“The people working in this industry need high levels of training, and I think with training, we need to see international practices adopted that will allow us to see solutions developed.

“The pharmaceutical industry will add value to the health services in the country and the region. The economy will benefit also. By providing access to the right level of training, this will be achieved.”

Monday, April 20, 2009

Canary in the Coal Mine; Why Everyone Should Be Concerned Over the Death of Polo Ponies in Florida

By Alan Clock, Senior Vice President, XStream Systems, Inc.
Back in the days before high tech ventilation and gas detectors, one of coal mining’s earliest tools for detecting dangerous levels of methane gas in a mine shaft was a canary. Basically if the bird died, miners had to get out the shaft, quickly.

In a tragic 21st century adaptation of this low tech scenario, last Sunday in Florida, 21 polo ponies died from what is being initially reported as injections believed to be of a steroid derivative potentially contaminated with a toxin. Details are still sketchy and forensic tests are being conducted but this was not a random or unfortunate mistake of spoiled feed or un-potable water, but likely an unintentional mass poisoning at the hands of trained animal healthcare professionals through medications.

According to published reports, apparently prior to the incident, shots were injected by a Team Veterinarian and are suspected to be the cause of this toxic reaction and heart failure in these horses. It is still not clear as to why and for what purpose the horses were receiving the injection.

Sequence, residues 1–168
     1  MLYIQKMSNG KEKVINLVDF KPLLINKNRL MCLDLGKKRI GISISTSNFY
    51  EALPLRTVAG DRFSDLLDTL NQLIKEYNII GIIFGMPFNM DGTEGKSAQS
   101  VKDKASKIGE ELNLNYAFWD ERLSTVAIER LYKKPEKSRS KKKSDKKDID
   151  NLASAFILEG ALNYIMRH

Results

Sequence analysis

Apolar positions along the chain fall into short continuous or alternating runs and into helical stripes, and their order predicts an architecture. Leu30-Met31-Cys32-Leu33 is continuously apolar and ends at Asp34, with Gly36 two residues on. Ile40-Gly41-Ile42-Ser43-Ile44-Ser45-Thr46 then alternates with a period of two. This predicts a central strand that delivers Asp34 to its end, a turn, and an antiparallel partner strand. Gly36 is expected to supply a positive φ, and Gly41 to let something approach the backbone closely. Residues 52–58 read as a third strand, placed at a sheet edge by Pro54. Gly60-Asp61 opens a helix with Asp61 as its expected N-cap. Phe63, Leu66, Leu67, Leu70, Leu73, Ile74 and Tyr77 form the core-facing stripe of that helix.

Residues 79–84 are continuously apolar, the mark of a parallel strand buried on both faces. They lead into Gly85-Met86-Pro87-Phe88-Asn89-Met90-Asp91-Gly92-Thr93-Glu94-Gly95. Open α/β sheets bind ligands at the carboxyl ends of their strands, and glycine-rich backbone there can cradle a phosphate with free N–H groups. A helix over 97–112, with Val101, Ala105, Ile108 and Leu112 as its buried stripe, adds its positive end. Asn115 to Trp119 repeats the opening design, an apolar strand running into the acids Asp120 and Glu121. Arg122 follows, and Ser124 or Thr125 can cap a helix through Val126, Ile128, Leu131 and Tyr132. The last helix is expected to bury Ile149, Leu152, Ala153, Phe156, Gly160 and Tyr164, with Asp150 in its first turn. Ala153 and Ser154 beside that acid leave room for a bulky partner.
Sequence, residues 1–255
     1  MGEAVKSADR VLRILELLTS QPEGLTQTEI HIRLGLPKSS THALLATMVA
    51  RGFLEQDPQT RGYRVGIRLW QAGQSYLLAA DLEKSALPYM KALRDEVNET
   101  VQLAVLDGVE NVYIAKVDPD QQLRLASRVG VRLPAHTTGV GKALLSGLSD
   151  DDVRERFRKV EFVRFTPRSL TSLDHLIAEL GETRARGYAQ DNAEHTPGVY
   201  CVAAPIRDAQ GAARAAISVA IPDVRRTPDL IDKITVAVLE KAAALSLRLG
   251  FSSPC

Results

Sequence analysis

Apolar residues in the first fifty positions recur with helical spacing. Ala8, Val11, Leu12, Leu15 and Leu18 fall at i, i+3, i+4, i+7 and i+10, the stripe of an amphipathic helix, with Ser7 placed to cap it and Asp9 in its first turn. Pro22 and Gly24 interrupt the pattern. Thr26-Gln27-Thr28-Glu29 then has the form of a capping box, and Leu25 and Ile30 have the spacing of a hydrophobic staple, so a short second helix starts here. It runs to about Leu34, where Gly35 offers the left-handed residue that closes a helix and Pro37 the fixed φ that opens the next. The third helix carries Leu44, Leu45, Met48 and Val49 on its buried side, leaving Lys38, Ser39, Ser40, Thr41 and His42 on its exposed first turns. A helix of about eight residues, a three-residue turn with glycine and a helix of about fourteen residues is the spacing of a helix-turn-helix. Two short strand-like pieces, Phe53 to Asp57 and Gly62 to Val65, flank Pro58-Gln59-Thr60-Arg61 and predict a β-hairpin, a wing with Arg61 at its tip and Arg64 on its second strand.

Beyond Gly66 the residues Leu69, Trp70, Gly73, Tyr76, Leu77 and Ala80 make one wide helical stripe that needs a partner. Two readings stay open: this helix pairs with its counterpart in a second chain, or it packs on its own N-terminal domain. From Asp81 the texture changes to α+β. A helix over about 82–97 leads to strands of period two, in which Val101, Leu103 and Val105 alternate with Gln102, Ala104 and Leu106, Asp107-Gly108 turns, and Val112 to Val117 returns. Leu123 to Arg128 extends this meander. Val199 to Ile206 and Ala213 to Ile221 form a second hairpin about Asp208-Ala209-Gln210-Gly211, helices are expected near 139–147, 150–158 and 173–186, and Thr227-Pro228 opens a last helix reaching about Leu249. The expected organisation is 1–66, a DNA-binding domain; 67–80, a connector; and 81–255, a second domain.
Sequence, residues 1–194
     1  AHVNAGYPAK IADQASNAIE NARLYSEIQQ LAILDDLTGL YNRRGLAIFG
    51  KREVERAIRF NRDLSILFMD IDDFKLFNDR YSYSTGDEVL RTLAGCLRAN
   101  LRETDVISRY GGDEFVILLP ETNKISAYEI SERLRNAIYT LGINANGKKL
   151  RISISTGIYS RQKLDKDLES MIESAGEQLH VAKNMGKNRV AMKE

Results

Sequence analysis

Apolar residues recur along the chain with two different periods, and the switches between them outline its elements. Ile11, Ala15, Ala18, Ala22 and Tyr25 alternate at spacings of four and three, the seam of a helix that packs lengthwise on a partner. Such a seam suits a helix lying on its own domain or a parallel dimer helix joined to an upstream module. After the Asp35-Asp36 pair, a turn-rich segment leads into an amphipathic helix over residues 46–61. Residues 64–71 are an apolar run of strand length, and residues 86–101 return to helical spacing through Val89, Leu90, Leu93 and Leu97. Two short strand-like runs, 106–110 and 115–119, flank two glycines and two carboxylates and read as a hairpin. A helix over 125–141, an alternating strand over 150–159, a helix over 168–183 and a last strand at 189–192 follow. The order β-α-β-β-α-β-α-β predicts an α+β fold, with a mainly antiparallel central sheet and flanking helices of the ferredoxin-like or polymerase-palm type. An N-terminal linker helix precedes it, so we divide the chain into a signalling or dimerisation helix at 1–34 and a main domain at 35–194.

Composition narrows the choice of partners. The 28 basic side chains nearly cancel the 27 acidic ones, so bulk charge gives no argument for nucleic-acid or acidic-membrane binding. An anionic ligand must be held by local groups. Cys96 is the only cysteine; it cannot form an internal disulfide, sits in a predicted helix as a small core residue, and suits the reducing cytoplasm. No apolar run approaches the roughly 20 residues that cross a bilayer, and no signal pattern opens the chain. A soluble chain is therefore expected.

Bear in mind that these horses are some of the most pampered equines on the planet. Their diet and exercise are closely monitored and regulated by their very demanding owners. Most polo ponies live and receive a higher level of care than 95% of the world’s human population. Their average value is well over $100,000 each, which make this a $2.1m tragedy presumably caused by contaminated product that was thought to enhance their health and performance.

Why is this important to humans? Much like the miners of long ago, we humans are basically sharing the medications literally and figuratively that are used on animals. Although not specifically shared, most of the raw materials and basic production of our medications are identical or the same. Similarly the value and supply chain of medications share many commonalities. Basically, if the high priced pampered pets of the rich can receive contaminated pharmaceuticals, so will humans.